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The Rise And Rise Of BT Group plc

BT

Experienced investors will know that there are many kinds of shares. There are yo-yo shares, whose share price tends to oscillate between peaks and troughs. There earnings are fairly consistent, but there is little growth, and thus little reason for the share price to break out of this trading range.

There are also shares that crash. After a period of growth, the growth eventually slows, leading to a share price fall. These can be recovery opportunities, if you buy at the bottom and watch the share price recover.

Not many shares are like this

And, every now and then, there are shares which just rise, and rise, and rise. Not surprisingly, investors of any ilk want to find these type of shares. This is where fortunes can be made, but these shares tend to be few and far between.

Telecoms and broadcasting group BT (LSE: BT-A) (NYSE: BT.US) is one of those shares.

Check the share price of BT over recent years and you will see a line rising from the bottom left of your screen to the top right. The rise is clear and unbroken. Since the Great Recesssion of 2009, the share price has increased five-fold. Quite simply, BT has been one of the fastest-growing FTSE 100 shares of recent years.

This is a story of a company that has taken its low-growth past and turned it into a high-growth future. The history of BT is of a privatised utility that ran the UK’s phone network. With decreasing fixed-line usage, as more and more people make phone calls with their mobile phones, the company seemed condemned to a future of declining revenues, declining profits and a declining share price.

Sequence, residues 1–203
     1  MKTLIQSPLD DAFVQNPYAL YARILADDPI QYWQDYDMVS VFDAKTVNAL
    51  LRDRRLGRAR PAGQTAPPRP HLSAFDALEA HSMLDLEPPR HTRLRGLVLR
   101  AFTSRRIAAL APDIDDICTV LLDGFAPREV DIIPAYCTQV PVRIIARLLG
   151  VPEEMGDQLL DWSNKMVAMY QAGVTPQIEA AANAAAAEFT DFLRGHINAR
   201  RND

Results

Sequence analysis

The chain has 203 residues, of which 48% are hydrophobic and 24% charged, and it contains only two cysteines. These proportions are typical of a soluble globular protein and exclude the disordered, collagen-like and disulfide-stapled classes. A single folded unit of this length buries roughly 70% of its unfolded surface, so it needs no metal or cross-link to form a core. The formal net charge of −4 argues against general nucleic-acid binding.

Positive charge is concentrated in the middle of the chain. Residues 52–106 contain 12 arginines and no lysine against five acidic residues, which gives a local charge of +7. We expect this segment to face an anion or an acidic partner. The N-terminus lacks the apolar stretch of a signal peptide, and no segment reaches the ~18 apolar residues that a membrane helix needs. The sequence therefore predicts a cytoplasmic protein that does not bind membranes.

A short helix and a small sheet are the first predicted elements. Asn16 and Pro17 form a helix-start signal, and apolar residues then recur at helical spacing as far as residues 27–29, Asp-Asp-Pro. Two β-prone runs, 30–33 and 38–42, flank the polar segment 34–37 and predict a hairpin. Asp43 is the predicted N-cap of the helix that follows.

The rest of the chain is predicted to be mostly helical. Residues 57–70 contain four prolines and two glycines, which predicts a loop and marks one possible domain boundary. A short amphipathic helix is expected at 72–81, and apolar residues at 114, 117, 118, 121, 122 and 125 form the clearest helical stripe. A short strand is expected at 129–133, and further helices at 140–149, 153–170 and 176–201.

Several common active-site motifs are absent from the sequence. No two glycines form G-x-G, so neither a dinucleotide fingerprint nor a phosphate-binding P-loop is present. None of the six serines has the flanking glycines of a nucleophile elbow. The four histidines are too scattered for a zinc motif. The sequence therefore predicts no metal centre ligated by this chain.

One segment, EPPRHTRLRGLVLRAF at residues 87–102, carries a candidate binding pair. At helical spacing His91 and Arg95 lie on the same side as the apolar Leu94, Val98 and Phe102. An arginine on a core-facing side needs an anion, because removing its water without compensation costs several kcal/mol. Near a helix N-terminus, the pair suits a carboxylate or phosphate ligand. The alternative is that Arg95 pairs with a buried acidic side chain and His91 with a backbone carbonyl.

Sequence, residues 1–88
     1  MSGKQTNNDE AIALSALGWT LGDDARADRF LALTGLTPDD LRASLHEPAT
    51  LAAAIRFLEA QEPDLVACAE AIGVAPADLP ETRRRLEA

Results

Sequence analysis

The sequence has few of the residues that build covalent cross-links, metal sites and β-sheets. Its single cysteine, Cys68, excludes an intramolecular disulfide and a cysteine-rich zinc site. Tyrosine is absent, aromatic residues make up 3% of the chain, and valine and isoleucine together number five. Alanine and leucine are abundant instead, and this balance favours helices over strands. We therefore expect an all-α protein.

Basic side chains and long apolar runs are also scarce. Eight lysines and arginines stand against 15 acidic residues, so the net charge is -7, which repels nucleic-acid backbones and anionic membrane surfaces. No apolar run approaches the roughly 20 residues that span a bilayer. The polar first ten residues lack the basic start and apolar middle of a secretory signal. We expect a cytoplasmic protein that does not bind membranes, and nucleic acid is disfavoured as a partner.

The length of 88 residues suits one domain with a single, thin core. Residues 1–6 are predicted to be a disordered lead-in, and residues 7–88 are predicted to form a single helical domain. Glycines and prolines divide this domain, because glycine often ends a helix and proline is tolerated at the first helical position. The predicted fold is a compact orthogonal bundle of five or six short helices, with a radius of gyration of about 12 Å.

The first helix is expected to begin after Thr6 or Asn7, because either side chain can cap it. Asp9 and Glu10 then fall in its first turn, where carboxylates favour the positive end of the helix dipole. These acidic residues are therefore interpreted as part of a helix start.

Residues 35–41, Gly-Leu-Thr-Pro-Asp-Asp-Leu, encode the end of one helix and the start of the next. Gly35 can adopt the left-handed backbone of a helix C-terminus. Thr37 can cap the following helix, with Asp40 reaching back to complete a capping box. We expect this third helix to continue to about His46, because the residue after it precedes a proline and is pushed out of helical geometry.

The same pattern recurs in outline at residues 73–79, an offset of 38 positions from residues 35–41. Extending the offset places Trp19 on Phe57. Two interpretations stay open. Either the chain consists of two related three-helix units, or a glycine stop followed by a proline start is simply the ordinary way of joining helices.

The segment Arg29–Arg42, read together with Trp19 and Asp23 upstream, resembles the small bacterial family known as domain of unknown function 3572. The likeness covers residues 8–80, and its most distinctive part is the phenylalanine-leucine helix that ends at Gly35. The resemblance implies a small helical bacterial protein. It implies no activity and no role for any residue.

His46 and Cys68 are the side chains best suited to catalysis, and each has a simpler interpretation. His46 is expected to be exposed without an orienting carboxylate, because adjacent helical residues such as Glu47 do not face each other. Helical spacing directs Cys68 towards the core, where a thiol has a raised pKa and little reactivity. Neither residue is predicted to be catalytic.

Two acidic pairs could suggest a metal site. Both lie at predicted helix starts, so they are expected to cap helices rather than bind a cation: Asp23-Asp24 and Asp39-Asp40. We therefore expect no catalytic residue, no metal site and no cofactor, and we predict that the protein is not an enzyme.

But BT chief executive Ian Livingston thought differently. He has reshaped the company, transforming it from a phone company to a business which provides phone, broadband, television and business services, both in the UK and abroad.

Turning its technical expertise and financial muscle into profits

BT has made use of its technological expertise to provide IT and telecoms services around the world through its Global Services division. And it is now leveraging its telecoms services by combining them with its rapidly growing broadcasting business.

Pay TV is a booming sector in the UK, and BT has been challenging BSkyB‘s dominance in this field. Both competitors are now growing subscribers, and are now hugely profitable. Plus, the fact that BT has been packaging its broadband with its TV service means that the number of broadband and TV subscribers are both rocketing.

Global Services and broadcasting are both areas where the company has leveraged its technical expertise and financial muscle to build a very profitable business.

This has led to a company which has been growing earnings per share year-on-year. What’s more, the market thinks BT will continue to grow earnings into the future, as its broadcasting and Global Services businesses reach critical mass.

This is why the share price has rocketed. Yet, even now, the company is still not expensive, being on a 2014 P/E of 15, with a dividend yield of 2.6, rising to 2.9, this is a company which can be seen as both a growth stock and a blue-chip high yielder, and is still worthwhile investing in.

The Fool's guide to investing in telecoms

The smart phone market is booming. The broadband market is booming. And the pay-tv market is booming. That's why the share prices of both Vodafone and BT have been surging ahead.

So you want a piece of the action? Interested in investing but want to learn more? Well, our team of investing experts at the Fool has put together a free report telling you all you need to know about investing in these telecoms giants. Just click on this link and "The Motley Fool's guide to investing in telecoms" will be dispatched immediately to your inbox.

> Prabhat owns shares in Vodafone. The Motley Fool has recommended shares in BSkyB.